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Nerd Culture 2

Are Nerds Trendsetters? (Freewrite)

Yuki’s Note: This is unorganized and I probably got a few things wrong about nerd culture in the mainstream.  Whoops. 

I love scrolling through my Facebook feed and seeing ads from companies such as Sugoi Shirts and Kaomoji.  Seeing their flamboyant Japanese street fashion inspired clothing makes me smile at the expense of my wallet.  But who cares as long as it could make me look good. I just wanna rock a fuckin’ shirt with an anime girl with a censor bar across her eyes in public!  It just makes me feel good about myself and feeds my ever growing ego. But man, who would imagine vendors online selling stylish and fashionable weeaboo shirts on Facebook?

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Nerds have come a long way since the darker days of our passion when we were shamed for simply enjoying our nerd culture.  If I were to wear my weeaboo attire 20 years ago, people would mock me.  Today? People (for the most part) tend to mind their business.  Shit, just the other day,  when I  went to my local head shop the store clerk saw my shirt and we started talking about Fate series for a few minutes (he thought my sunglasses were something based off Fate).  It was a lovely chat until he said that Rin was the worse girl in the Fate series and that Saber was the best.

I ain’t never going back to that headshop.

Anyway, you wanted to catch a superhero movie in full cosplay back in 1996 and you were over the age of 13?  You got roasted!  Now it’s the norm for people to cosplay as their favorite Marvel or DC superhero at opening night. If there was a nerd in a TV show, they were the laughing stock loser who never get the woman.  They never got anywhere.  But shows such as Silicon Valley has ended the stereotype that nerds are losers and that their hobbies won’t get them anywhere.  I gotta say, this is the golden era of the nerd.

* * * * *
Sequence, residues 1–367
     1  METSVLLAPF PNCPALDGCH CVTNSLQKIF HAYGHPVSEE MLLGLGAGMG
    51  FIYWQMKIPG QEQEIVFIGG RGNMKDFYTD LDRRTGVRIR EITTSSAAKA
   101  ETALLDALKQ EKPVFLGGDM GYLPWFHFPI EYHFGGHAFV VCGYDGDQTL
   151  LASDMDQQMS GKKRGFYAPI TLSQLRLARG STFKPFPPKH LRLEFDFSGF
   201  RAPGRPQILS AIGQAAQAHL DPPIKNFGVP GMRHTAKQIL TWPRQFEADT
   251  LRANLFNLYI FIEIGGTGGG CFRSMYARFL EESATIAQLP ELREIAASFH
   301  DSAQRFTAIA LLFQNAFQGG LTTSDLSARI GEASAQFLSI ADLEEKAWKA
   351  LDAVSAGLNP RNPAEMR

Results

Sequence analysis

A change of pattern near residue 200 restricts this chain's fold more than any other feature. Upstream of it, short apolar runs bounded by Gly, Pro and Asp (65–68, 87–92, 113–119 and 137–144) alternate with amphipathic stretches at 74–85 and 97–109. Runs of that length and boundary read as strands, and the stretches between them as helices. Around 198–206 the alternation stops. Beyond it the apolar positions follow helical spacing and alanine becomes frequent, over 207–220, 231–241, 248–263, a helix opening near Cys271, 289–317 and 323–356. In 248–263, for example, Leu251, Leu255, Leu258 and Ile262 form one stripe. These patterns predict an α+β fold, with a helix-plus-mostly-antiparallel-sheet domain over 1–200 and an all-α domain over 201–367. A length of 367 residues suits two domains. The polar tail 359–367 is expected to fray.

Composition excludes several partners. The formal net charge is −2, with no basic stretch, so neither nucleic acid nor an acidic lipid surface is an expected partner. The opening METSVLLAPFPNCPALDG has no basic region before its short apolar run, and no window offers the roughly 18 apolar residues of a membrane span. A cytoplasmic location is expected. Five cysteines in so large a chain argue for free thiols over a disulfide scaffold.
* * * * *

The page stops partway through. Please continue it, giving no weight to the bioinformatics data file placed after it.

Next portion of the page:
Everything that I’ve mentioned above now leads me to this question: Are nerds trendsetters?

The obvious question is yes, of course.  In fact, I even answered the question my self.  So leave my page.  I want to say that, but I do enjoy going deeper with my theories and exploring them. We (well, I) have come up with the conclusion that nerds are trendsetters.  But why?  Why are us nerds trendsetters, and how can we take advantage of this before the inevitable nerd bubble breaks and we’re back to being shoved into lockers and having our lunch money stolen by the jocks (well, you weak nerds are getting shoved into the lockers, I’m knocking anyone out who tries to do that to me).

This is my theory:

People were tired of the old shit and wanted something new.   Everyone and their moms love reality TV, watching sports, drinking at the local bar, what have you.  Meanwhile, the nerds were in the background; creating and working on their passion. We spent our time inside, communicating with our peers, showcasing our talent online.  As time went on and technology advance bringing the advent of social media people were started to take notice of the group they once shunned away: The Nerd.

Social media lead the way for nerds to showcase their creative talent (although we’ve been doing this shit years and years  before that came along through online forums, blogs, etc.) As more people gain access to the internet, the more nerds were given exposure.  Yes, there were TV channels such as the Sci-Fi Channel, Tech TV, and g4, but they were only viewed by their niche target market.